Elderly men with prostate cancer appeared more likely to be diagnosed with Alzheimer’s disease or dementia if treated with androgen deprivation therapy, according to study results published in JAMA Network Open.
“Studies using national samples have reported conflicting results regarding the diagnosis of Alzheimer’s disease or dementia among older patients with prostate cancer exposed to ADT,” Ravishankar Jayadevappa, PhD, research associate professor at Perelman School of Medicine at University of Pennsylvania, and colleagues wrote. “Limitations of these studies include inadequate adjustment for cancer stage, ADT dose and duration; reliance on single-institution data; lack of generalizability to the U.S. population; and measured and unmeasured bias associated with cohort studies. Clarifying the association between ADT and dementia could improve shared decision-making around the risks and benefits of ADT in prostate cancer.”
In the retrospective cohort study, Jayadevappa and colleagues used the SEER database to identify 154,089 older men diagnosed with prostate cancer between 1996 and 2003 and followed for at least 10 years after diagnosis (mean follow-up, 8.3 years; standard deviation [SD] = 4.7).
Among these men, 62,330 (mean age, 76 years; SD = 6) received ADT within 2 years of being diagnosed with prostate cancer, whereas 91,759 (mean age, 74.3 years; SD= 6) received no ADT.
The researchers conducted survival analyses to investigate the association between exposure to ADT and diagnosis of dementia and Alzheimer’s disease during follow-up. They also evaluated associations by ADT dose.
Results showed men exposed to ADT appeared more likely to be diagnosed with Alzheimer’s disease than men with no ADT exposure (13.1% vs. 9.4%; difference, 3.7%; 95% CI, 3.3-3.9; P < .001; HR = 1.14; 95% CI, 1.1-1.18). Researchers observed similar between ADT exposure and dementia (21.6% vs. 15.8%; difference, 5.8%; 95% CI, 5.4-6.2; P < .001; HR: 1.2; 95% CI, 1.17-1.24).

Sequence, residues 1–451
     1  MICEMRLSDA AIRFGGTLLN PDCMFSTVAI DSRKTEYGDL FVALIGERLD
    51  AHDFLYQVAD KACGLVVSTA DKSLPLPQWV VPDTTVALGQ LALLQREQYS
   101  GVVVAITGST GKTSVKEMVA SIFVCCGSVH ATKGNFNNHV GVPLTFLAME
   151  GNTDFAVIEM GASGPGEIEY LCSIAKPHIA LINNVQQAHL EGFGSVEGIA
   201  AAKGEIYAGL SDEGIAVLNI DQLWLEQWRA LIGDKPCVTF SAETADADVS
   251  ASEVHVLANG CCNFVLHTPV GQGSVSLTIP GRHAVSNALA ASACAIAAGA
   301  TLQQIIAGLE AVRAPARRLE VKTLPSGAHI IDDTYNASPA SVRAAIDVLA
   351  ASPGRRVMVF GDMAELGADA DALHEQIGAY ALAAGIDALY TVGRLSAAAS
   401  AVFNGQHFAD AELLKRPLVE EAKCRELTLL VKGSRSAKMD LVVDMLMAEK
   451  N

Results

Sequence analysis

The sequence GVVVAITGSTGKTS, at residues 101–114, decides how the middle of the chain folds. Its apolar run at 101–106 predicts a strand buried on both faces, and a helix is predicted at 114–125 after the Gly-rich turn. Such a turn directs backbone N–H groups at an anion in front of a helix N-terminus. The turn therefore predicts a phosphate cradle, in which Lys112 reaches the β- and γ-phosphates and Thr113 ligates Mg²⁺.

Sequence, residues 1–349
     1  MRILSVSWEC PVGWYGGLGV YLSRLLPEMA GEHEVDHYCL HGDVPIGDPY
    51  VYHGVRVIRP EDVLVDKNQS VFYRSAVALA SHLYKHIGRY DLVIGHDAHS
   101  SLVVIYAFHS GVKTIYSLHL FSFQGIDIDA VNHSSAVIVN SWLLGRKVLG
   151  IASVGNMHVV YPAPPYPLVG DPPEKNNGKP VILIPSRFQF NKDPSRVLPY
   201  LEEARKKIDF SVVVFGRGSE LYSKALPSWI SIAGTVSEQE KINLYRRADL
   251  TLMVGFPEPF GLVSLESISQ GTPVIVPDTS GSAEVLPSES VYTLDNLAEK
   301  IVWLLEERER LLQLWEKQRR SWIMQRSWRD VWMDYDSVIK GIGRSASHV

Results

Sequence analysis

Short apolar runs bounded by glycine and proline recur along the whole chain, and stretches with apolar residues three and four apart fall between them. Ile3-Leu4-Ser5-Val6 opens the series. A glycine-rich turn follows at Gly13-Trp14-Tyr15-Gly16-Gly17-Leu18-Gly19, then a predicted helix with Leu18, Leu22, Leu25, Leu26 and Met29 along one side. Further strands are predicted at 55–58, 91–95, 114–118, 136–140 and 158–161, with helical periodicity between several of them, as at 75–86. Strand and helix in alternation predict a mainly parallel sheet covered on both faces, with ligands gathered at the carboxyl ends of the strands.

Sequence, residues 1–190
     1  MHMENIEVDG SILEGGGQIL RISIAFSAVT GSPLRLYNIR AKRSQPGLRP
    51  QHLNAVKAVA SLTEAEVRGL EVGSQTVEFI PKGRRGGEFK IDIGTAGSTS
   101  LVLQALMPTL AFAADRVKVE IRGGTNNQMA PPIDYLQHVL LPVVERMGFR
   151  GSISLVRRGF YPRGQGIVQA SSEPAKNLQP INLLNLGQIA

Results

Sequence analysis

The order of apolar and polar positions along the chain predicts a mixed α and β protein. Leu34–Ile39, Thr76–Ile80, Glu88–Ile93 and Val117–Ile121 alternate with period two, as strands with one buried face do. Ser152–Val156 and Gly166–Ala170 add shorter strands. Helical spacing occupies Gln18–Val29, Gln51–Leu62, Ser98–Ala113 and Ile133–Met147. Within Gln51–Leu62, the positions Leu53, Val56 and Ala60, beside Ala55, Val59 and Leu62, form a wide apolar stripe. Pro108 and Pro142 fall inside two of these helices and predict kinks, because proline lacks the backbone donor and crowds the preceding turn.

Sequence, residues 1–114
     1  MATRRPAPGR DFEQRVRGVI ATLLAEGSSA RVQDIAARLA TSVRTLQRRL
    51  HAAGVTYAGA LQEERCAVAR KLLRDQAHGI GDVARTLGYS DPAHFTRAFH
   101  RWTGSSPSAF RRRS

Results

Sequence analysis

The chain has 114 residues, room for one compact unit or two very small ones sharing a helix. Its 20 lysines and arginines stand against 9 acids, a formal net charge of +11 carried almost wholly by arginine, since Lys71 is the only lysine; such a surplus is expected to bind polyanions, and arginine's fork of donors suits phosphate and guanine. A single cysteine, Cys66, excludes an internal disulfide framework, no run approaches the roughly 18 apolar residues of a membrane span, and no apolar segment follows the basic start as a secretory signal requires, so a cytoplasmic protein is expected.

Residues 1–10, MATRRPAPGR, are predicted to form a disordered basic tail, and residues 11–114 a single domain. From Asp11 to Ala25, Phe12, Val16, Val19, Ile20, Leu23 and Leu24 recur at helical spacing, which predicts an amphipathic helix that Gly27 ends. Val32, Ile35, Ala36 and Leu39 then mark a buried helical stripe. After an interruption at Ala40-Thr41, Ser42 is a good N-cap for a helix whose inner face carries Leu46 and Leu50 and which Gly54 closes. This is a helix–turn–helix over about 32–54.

Propensity score-adjusted associations by ADT dose were as follows:
- one to four doses: HR = 1.19; 95% CI, 1.15-1.24 for Alzheimer’s disease; HR = 1.19; 95% CI, 1.15-1.23 for dementia;
- five to eight doses: HR = 1.28; 95% CI, 1.22-1.35 for Alzheimer’s disease; HR = 1.24. 95% CI, 1.19-1.29 for dementia; and
- more than eight doses: HR = 1.24; 1.16-1.34 for Alzheimer’s disease; HR = 1.21; 95% CI, 1.15-1.28 for dementia.
- The number needed to harm for Alzheimer’s disease was 18 patients (95% CI, 17-19) and for dementia was 10 patients (95% CI, 9.5-11).
Researchers acknowledged the potential lack of generalizability of the results, as the study included only fee-for-service Medicare enrollees aged 66 and older who lived in a SEER study region and did not participate in a health maintenance program.
Future studies should focus on understanding the possible biological mechanism of ADT treatment and dementia, according to the researchers.
“The list of effective ADT agents has recently grown with the addition of androgen synthesis inhibitors and second-generation antiandrogens,” they noted. “Furthermore, data are accumulating for the use of such agents earlier in the course of disease progression. Our results suggest that clinicians need to carefully weigh the long-term risks and benefits of exposure to ADT in patients with a prolonged life expectancy and stratify patients based on dementia risk prior to ADT initiation.” – by Jennifer Byrne
Disclosures: Jayadevappa reports no relevant financial disclosures. Please see the study for all other authors’ relevant financial disclosures.